7:30 Report: the social impact of the population boom and Australia’s future


Last week the ABC’s 7:30 Report spent the entire week looking at the drivers of Australia’s long-term future. The fourth program, on The social impact of the population boom, was an excellent examination of the diverse issues and perspectives on the implications of rapid population growth, including interviews with a diverse range of politicians, demographers, analysts, and myself as the lone futurist.

It’s well worth seeing the video of the full program along with the transcript on the ABC’s website. A video of the program’s introduction and excerpts from my comments are below.

The program examined Australia’s demographic and social future, however the issues raised are absolutely relevant in all developed countries, where low immigration inevitably means a rapidly aging population, with all of the associated challenges.

Last December I wrote about the driving trends and uncertainties in Australia’s population growth, pointing to the recent dramatic increase in the 2050 forecast for Australia’s population from 28 million to 35 million. This revised forecast had a powerful impact, resulting in heated discussion about the social, ecological, and economic implications of what would be the fastest population growth of any developed country in the world.

Towards the end of last year, in a piece on what I called the 10 TENsions defining the coming years, I chose Immigration – Borders as one of the most critical tensions and social challenges that developed countries face. While there are many benefits to immigration of talented people, there is also an inevitable pushback on a proliferation of newcomers from different countries and cultures.

I don’t think the path of strong population growth is going to be easy, with many massive challenges as a nation and society ahead of us. However, as I said in the program, I believe we must accept and deal with those challenges the best we can. The alternative is to live in a country that is slowly dying.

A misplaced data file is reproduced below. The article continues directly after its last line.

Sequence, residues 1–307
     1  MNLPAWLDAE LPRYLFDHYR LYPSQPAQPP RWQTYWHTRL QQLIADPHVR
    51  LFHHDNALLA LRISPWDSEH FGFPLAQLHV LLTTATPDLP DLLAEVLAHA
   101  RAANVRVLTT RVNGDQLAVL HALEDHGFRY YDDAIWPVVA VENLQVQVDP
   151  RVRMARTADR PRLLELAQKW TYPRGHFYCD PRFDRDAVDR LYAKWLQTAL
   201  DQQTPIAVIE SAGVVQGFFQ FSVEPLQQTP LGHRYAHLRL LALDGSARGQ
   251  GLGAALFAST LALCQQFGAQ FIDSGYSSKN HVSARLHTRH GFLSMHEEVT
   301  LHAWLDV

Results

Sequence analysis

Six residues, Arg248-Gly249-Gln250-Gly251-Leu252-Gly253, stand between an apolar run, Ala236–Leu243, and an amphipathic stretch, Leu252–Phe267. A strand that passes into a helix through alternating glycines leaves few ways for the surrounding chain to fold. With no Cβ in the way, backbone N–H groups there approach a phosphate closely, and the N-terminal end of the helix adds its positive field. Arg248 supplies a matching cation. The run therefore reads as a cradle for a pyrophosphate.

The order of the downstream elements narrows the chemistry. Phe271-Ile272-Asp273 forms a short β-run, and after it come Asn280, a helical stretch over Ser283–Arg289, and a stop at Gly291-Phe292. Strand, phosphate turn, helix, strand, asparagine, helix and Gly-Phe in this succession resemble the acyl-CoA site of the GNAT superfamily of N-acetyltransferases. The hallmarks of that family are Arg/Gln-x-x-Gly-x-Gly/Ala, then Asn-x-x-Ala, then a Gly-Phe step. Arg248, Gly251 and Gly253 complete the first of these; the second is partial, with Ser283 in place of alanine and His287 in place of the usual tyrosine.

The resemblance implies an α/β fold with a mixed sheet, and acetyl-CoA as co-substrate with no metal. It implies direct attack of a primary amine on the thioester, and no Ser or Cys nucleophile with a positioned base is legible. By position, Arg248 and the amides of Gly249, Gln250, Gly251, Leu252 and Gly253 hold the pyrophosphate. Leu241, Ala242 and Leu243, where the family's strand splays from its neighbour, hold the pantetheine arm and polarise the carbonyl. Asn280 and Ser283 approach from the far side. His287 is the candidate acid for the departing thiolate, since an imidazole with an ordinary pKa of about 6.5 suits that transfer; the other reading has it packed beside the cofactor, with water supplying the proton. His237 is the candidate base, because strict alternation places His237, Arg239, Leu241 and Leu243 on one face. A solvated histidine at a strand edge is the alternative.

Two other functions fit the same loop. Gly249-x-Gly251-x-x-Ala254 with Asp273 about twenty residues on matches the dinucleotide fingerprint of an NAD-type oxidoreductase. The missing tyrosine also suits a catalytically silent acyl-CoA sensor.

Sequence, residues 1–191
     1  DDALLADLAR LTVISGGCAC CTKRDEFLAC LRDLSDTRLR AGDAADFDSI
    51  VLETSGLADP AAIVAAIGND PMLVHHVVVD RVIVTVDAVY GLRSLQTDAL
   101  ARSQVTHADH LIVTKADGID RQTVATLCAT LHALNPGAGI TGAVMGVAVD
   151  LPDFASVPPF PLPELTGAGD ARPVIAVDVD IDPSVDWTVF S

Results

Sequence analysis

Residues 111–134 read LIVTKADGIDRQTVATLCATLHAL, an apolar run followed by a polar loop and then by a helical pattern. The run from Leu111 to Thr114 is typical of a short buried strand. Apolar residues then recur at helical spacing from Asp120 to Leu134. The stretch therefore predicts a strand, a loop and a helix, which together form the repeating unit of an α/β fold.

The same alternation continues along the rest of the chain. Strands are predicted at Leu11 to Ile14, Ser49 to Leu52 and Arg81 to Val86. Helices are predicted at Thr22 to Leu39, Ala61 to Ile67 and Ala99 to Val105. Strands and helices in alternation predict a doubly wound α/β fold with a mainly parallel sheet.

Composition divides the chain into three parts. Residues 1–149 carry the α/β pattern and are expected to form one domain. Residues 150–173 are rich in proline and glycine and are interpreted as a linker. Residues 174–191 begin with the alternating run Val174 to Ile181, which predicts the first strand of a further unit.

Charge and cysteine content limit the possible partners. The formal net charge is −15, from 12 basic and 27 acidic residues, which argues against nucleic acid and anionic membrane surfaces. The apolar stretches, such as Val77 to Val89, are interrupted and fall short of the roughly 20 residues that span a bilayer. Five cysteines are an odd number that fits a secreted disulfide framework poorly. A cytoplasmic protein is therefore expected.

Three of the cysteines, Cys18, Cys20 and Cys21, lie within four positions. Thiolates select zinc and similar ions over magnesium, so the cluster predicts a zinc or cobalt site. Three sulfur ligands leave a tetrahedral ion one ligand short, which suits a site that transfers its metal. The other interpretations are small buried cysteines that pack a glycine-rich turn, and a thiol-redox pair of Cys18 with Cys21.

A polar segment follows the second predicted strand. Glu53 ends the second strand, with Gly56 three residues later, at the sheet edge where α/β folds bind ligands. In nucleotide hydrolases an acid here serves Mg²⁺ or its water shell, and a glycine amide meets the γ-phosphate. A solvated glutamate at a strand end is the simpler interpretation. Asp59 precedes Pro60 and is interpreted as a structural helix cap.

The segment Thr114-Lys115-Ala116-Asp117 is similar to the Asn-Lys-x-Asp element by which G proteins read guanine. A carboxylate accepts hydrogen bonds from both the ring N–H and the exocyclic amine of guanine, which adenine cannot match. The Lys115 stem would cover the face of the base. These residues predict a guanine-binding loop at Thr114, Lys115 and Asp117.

Here is the transcript of the excerpted video above:

KERRY O’BRIEN, PRESENTER: Over the course of this week we’ve highlighted some of the economic, environmental and social issues Australia will confront if Treasury’s projected population boom becomes reality over the next 40 years – the water we need for our very survival, the rooves over our heads, the critical transport systems, the basic protection of our environment.

Tonight we look at another critical issue on which this nation has sometimes been brittle: social cohesion. Can we confidently manage a 60 per cent population boost in 40 years?

MATT PEACOCK: In 40 years, with a projected population of 35 million, the face of Australia is likely to have a more ethnic, Asian look, believes futurologist Ross Dawson.

ROSS DAWSON, FUTOROLOGIST: We’re going to look far more Asian, we really will be an Asian country as we’ve got far more people coming from that ancestry and far, far deeper ties in terms of trade and economy and culture to the rest of the Asian region.


MATT PEACOCK: The fracture points in Australia’s society won’t just be religious and racial, they’ll also be aged-based. As baby boomers like me get older, we’ll put greater pressure on our hospitals in a health system that’s getting more expensive and more capable of keeping people alive for longer, and it’s younger people who’ll be paying the tax bill. But that larger ageing population is the one politicians will find hard to resist.

ROSS DAWSON: There’ll be an extraordinary proportion of people in Australia in the year 2050 who will be 65 or older. Clearly these voters will be expressing themselves by how they vote and politicians and political parties will have no choice but to espouse policies that are friendly to the elderly.


ROSS DAWSON: Ultimately, the only way in which Australia can experience the real dynamic growth over the coming decades is through immigration. The birth rate has increased a little bit in recent years, but that will never be enough to do more than just maintain our population. If we want to be part of a really exciting part of a global economy and global society, Australia must have immigration, and the issue is: how do we effectively manage that?